The buzz around RISC-V has been positive in other ways, she said. “This trend may force Arm, which has long held the monopoly, to possibly include RISC-V in some of its legacy products, for example. And because Intel, Google, and Arm are investing in RISC-V, this definitely will affect the markets, not only for clusters where you have these accelerators in the form of RISC-V, but also in smaller embedded chips like we do here in Vtool.”

Market shifts in slow motion
None of this will happen overnight, of course. Data centers historically have been conservative when it comes to change, and EDA tools take time to develop. But competition in the data center world is intense, and the rollout of heterogeneous architectures marks an inflection point.

“We’re seeing AI processors starting to use RISC-V with varying levels of customization, enhancements, and extensions,” said Rupert Baines, chief marketing officer at Codasip, noting that RISC-V’s success so far has been limited to AI, accelerators, and function-specific components from the likes of Esperanto, Mythic, and others. “You’re seeing deeply embedded applications. Nvidia has been using RISC-V for a number of years for the minion cores and the controller cores — not for the actual GPU functionality or the AI functionality, but for everything else. So we are seeing RISC-V steadily being used in data centers in a lot of ways, but not yet for the heavy duty Intel Xeon application-class processors. That’s still Intel, big time, AMD to a degree, and Arm just coming in. Nvidia, Ampere, Marvell — people like that with their Arm products — are moving into that space, and RISC-V isn’t there yet. But it will be.”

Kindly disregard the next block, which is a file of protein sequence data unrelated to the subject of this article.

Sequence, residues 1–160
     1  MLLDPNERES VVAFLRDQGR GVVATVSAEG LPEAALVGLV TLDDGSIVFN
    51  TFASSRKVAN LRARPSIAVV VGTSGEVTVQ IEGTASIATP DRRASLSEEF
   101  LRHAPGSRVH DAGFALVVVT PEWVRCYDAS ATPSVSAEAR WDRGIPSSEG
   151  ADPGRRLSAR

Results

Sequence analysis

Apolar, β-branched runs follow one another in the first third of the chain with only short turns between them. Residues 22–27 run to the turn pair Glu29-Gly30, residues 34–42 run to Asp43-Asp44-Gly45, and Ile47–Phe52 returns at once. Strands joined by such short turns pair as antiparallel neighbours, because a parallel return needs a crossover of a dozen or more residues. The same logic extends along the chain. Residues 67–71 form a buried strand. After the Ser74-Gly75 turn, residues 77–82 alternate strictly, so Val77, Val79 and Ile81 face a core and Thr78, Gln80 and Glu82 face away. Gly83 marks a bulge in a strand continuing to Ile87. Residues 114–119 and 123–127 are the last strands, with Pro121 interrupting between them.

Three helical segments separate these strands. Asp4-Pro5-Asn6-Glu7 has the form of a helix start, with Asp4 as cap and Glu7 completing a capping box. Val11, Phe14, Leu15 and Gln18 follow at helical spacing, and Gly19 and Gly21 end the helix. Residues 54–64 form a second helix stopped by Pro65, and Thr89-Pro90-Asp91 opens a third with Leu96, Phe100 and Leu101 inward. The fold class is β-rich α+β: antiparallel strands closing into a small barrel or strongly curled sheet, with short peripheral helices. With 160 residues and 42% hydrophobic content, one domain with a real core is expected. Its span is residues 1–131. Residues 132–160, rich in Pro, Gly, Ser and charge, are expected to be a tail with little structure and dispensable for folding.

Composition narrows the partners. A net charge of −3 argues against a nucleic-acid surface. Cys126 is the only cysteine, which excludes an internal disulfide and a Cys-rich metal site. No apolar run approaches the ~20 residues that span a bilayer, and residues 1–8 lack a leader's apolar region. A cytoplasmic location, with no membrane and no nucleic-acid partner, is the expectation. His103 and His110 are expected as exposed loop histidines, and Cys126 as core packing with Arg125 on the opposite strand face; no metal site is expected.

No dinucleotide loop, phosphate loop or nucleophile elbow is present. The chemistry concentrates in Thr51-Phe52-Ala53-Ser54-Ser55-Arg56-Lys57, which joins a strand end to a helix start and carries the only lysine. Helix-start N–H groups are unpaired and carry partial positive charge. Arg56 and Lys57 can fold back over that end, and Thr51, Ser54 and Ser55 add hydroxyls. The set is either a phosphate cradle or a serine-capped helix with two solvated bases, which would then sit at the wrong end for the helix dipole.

In fact, Baines predicts that mainstream data center application processor cores based on the RISC-V ISA are likely to be more commonplace in as little as three or four years.

At that point, the real value may be more about integration of various components than one vendor owning everything. Disaggregation is simple on paper. Re-aggregation of various pieces into a secure, efficient and reliable device is much more difficult, and big chipmakers like Intel and AMD have been scrambling to be able to put all the pieces together using a chiplet/tile type of approach. Foundries such as TSMC have been working on this approach, as well, using hybrid bonding to speed up the flow of data between chiplets.